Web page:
All blood draws and clinical measurements were performed by University of Minnesota General Clinical Research Center medical staff. Weight and height measurements were obtained with subjects wearing indoor clothing and no shoes. Blood pressure measurements were obtained with an automatic Colin® blood pressure monitor (Press-mate® BP/8800C; Medical Instruments Corp., San Antonio, TX) after subjects had rested in a seated position for at least 5 min. Measurements were repeated four times at 1 min intervals, and the mean of the last three readings was used in analyses. All blood samples were obtained using standard venepuncture techniques after subjects had fasted for 12 h. All laboratory analysis was done using standard automated technology at the Quest Diagnostics® Laboratory (Wood Dale, IL) branch laboratory (certified and accredited laboratory by the Clinical Laboratory Improvement Amendment of 1988 and the College of American Pathologists) or at the University of Minnesota. Specifically, total cholesterol, LDL-C and TAG concentrations were determined using enzymatic methods with Olympus reagents, with automated spectrophotometry performed on Olympus AU5400®. HDL-C was determined directly using Roche reagents on the Olympus AU5400®.

Dietary data were collected during the treatment period to monitor diet compliance and consistency. Each subject completed a 3 d food record during the first and last week of treatment and returned them at weeks 3 and 6. Research staff reviewed the records for completeness and clarity during the study visits. Food records were analysed for energy, macronutrient and micronutrient intake using Nutrition Data System for Research software version 5·0_35 (NDS-R; Nutrition Coordinating Center, University of Minnesota, Minneapolis, MN, USA).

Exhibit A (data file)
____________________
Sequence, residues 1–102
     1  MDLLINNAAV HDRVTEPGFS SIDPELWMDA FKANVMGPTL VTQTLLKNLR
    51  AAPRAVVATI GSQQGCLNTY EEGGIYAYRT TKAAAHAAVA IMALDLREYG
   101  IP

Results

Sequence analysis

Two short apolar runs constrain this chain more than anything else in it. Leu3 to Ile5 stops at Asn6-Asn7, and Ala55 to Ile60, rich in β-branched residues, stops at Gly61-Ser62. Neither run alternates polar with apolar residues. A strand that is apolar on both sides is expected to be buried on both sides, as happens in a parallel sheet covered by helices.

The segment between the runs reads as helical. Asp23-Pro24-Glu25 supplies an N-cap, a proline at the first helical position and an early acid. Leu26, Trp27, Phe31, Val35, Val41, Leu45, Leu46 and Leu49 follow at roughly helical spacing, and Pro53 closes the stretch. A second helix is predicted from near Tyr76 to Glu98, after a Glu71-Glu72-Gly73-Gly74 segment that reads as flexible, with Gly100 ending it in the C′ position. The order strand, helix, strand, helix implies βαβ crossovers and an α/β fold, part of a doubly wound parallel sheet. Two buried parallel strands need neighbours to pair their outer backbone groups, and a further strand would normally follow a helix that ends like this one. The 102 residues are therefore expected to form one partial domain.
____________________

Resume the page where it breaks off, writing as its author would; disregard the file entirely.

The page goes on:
Study-related side-effects were assessed by a thirteen-question side-effect questionnaire completed at baseline and subsequent treatment visits. Participants were asked to check the category that best represented their symptoms over the last month at baseline or since their last study visit at each subsequent visit. The categorical options for each symptom were ‘Not at all’, ‘Somewhat’, ‘Moderately’, ‘Very much’ or ‘Extremely’. Frequency counts were used in the analyses and were categorized in two ways: (1) dichotomized as ‘Any’ v. ‘No’ side-effects or (2) the top two categories were collapsed and were used to indicate the presence of side-effects. Analyses were conducted using both methods of determining side-effects.

Statistical analysis

Differences in baseline demographic and clinical variables among the treatment groups were compared using ANOVA for continuous variables and the χ2 test for categorical variables. The treatment effect was based on the measurement and comparison of the mean levels of lipids and lipoproteins among treatment groups using ANOVA. The GENMOD procedure of SAS version 8 (SAS Institute Inc., Cary, NC, USA) was used to perform the analyses. In addition, a χ2 test was performed comparing all side-effect counts (frequencies) at baseline, mid-study and post-study visits. Regression analysis using a general linear model was used to determine the differences in side-effects over time and between the treatment groups and the control group. Test of independent proportions was used to compare the percentage of subjects who attained their LDL-C goal in the treatment groups versus the control group. Statistical significance adjustments were made using Dunnett's test for multiple comparisons.

Results